Are 60% of sex workers in South Africa HIV positive?
The claim, which has been widely reported in recent weeks, stems from a press conference earlier this month in which Dr Fareed Abdullah – the CEO of the South African National Aids Council (SANAC) – remarked that “the four or five studies that we have all show that [infection] rates [among sex workers] are above 60%”.
“About 60% of South Africa’s estimated 150,000 sex workers are HIV-positive,” read a subsequent article in The New Age newspaper. The South African Press Association rehashed the story and distributed it to clients of its wire service who quickly parroted it. “60% of magoshas are HIV positive!” screamed a headline in the Daily Sun tabloid. “60 percent of sex workers are HIV positive,” Health24.com reported. So did the Sowetan .
Is there evidence to support the claim?
Four key studies published
At least four studies published since the mid-1990s suggest an HIV-prevalence of between 45% and 69% in the sex workers that were surveyed.
The most recent of these was conducted in Durban between August 2004 and May 2005. It surveyed 775 women who’d had at least three sexual partners in the previous three months. The women came from areas within a radius of 45km of the University of KwaZulu-Natal in Durban and 79% of them said they were sex workers. Out of the 775 women, 59.6% tested HIV positive.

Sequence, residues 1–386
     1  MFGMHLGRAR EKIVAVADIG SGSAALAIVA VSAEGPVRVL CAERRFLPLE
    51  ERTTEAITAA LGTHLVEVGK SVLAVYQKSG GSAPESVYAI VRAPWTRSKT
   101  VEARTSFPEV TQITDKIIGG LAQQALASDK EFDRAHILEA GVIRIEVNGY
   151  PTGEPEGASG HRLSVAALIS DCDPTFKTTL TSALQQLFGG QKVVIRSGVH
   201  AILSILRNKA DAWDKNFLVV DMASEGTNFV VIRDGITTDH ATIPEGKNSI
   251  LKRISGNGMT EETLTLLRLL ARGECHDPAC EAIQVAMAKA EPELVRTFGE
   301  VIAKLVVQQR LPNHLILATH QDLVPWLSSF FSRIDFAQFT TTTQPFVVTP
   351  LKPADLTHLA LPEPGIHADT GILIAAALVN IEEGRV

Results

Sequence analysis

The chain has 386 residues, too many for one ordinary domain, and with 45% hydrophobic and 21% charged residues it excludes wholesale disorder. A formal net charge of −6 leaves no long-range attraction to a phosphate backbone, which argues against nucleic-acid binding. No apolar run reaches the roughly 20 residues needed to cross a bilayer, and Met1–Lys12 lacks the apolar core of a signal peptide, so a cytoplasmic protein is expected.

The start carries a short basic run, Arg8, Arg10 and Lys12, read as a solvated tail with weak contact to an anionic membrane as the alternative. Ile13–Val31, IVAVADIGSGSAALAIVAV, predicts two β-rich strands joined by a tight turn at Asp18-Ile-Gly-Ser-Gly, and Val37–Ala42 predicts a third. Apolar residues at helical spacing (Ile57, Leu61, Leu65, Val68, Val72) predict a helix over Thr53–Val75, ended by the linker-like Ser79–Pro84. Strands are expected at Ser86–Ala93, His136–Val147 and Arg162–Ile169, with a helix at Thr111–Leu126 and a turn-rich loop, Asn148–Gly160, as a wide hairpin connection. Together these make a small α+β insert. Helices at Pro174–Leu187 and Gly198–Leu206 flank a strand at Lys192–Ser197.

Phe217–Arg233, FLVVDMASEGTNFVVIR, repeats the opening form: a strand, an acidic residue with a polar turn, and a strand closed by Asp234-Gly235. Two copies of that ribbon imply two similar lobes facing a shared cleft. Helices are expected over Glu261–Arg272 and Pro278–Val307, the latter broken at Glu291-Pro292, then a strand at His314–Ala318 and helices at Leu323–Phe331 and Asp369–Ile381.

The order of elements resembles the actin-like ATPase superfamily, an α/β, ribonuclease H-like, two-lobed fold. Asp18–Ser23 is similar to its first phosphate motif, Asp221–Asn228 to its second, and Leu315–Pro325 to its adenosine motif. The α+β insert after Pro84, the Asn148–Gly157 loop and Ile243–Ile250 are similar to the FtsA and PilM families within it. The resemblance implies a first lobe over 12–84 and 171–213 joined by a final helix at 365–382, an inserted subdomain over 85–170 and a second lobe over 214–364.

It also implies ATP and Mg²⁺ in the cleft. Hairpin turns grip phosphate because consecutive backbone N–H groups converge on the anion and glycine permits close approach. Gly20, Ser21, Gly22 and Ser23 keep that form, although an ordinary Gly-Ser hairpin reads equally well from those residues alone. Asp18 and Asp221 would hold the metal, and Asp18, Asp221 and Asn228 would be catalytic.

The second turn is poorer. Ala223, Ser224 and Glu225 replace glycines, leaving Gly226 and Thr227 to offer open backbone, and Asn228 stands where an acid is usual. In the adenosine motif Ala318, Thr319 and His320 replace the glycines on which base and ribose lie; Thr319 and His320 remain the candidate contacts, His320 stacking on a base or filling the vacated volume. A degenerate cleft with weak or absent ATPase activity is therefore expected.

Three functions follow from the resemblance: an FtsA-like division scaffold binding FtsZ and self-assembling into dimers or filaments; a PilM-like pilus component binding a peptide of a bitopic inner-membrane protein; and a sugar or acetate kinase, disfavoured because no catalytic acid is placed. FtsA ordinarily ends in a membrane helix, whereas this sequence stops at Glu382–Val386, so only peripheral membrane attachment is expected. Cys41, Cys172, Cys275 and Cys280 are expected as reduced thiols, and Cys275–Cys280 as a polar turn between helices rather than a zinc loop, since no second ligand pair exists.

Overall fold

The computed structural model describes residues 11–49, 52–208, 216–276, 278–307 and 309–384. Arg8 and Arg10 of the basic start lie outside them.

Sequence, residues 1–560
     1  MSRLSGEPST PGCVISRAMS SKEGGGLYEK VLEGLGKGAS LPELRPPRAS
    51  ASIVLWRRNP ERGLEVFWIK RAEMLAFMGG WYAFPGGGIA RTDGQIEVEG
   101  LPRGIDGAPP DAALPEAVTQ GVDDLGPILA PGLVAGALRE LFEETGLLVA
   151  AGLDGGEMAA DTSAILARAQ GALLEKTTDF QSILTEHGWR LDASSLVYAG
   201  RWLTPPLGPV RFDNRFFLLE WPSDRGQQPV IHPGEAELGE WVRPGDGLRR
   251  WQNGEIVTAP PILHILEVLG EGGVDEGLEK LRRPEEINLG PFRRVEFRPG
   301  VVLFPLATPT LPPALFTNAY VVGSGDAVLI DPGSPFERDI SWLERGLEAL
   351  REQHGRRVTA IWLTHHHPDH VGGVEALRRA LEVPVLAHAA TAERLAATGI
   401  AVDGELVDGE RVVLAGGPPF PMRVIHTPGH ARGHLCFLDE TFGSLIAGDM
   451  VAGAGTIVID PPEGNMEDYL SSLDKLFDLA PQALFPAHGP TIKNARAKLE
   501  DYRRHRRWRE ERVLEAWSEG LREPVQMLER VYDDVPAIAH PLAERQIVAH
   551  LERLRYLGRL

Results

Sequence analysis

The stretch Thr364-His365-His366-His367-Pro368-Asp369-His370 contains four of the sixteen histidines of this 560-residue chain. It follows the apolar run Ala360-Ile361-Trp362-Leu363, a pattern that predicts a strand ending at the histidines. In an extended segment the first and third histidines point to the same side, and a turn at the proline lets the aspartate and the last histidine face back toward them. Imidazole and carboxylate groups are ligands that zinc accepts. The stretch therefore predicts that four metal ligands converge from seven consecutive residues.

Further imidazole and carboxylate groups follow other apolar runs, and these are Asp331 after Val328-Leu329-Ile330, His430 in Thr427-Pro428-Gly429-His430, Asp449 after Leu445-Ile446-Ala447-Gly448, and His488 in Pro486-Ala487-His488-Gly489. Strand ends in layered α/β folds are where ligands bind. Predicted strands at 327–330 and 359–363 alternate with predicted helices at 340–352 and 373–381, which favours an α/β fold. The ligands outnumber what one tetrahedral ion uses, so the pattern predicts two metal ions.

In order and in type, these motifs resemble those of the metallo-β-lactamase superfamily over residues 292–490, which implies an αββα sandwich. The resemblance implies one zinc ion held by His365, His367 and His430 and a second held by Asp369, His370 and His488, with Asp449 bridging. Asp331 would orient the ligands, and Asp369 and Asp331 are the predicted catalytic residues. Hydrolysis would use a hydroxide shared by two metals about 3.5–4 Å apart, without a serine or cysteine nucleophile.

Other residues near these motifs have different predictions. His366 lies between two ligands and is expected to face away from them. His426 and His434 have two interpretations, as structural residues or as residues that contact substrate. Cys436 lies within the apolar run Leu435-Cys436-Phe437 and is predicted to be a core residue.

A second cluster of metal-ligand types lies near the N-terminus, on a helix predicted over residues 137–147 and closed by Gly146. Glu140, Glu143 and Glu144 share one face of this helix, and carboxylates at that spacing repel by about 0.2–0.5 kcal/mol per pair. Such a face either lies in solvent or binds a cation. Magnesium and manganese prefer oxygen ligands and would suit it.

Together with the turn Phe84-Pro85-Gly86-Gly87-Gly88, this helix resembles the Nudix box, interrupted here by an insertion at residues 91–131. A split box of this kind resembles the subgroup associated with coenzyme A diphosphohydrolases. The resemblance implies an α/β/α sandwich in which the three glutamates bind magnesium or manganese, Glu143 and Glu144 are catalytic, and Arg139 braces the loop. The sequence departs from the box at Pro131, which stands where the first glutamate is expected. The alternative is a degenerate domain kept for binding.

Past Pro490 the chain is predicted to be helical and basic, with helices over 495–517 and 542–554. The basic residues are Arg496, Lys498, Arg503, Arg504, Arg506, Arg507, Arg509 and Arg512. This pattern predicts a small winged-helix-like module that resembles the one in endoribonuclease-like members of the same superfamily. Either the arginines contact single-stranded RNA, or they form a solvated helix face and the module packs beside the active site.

The second survey was conducted in 1998 in the mining community of Carletonville in Gauteng and found that 69% of sex workers surveyed there were HIV positive.
The third study was conducted among sex workers operating at truckstops in the KwaZulu-Natal Midlands between August 1996 and March 1997. Of the 145 sex workers that participated in the survey, 50.3% were HIV positive.
The fourth study was conducted in Hillbrow in Johannesburg between 1996 and 1998. A total of 247 sex workers were screened for HIV and 45% of them tested positive.
‘Small sample sizes and restricted geography’
Kerry Mangold, a senior technical adviser at SANAC, said there had been “other small or local studies and [testing] data” which showed an HIV prevalence of 60% or more.
However, “the limited number of studies to confirm this, the small sample sizes and restricted geographic focus of the studies to date” meant that they weren’t the “most accurate and statistically sound”.
Despite these limitations, Mangold said, it was “important to put a number on paper” in an effort to understand the scale of the problem and ensure “effective interventions to decrease HIV incidence”.
Can the studies be used to refer to SA as a whole?
The small sample sizes and the limited areas in which the surveys were conducted mean that they cannot be generalised to make the claim that 60% of sex workers in South Africa are HIV positive, Dr Alasdair Reid, a Senior Strategic Interventions Adviser at UNAids told Africa Check.
For example, it was unlikely that the 2005 Durban survey – which focussed on 775 high-risk women (not all of whom could be described as sex workers) – would be representative of all female sex workers.
“We know that HIV prevalence in the general population varies markedly by geography, sex, age group and urban and rural areas,” Reid said.